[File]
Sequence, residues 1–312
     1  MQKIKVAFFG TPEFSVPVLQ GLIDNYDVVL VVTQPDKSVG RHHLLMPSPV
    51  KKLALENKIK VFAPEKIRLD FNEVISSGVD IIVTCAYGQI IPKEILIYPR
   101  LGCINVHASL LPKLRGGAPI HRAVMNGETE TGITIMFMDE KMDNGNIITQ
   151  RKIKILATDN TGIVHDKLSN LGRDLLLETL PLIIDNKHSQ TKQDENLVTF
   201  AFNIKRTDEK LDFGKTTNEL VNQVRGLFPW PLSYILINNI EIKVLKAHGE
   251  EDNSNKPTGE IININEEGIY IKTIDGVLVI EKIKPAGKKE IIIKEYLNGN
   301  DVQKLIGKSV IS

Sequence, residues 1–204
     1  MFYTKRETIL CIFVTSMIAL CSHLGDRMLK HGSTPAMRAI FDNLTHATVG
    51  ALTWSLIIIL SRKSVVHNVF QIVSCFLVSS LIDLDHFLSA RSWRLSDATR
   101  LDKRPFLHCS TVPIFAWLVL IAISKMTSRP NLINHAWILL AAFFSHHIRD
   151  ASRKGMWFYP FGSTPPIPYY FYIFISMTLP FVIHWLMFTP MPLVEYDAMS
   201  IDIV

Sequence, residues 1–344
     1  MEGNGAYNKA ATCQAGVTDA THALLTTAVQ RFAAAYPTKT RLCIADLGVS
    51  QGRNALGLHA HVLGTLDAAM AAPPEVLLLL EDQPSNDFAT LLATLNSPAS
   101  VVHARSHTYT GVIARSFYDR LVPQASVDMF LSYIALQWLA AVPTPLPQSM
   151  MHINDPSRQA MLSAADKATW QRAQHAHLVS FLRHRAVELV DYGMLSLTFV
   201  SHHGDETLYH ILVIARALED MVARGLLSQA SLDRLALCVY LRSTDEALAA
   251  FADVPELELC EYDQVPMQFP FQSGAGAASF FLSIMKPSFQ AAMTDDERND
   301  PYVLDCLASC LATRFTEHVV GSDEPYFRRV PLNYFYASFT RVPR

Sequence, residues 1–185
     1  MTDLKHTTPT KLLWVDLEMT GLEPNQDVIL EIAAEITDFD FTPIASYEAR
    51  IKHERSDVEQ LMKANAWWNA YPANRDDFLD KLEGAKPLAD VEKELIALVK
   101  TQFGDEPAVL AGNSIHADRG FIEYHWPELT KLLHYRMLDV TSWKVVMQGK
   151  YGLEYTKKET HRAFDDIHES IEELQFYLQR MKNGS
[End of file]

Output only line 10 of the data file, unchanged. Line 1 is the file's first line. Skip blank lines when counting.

     1  MFYTKRETIL CIFVTSMIAL CSHLGDRMLK HGSTPAMRAI FDNLTHATVG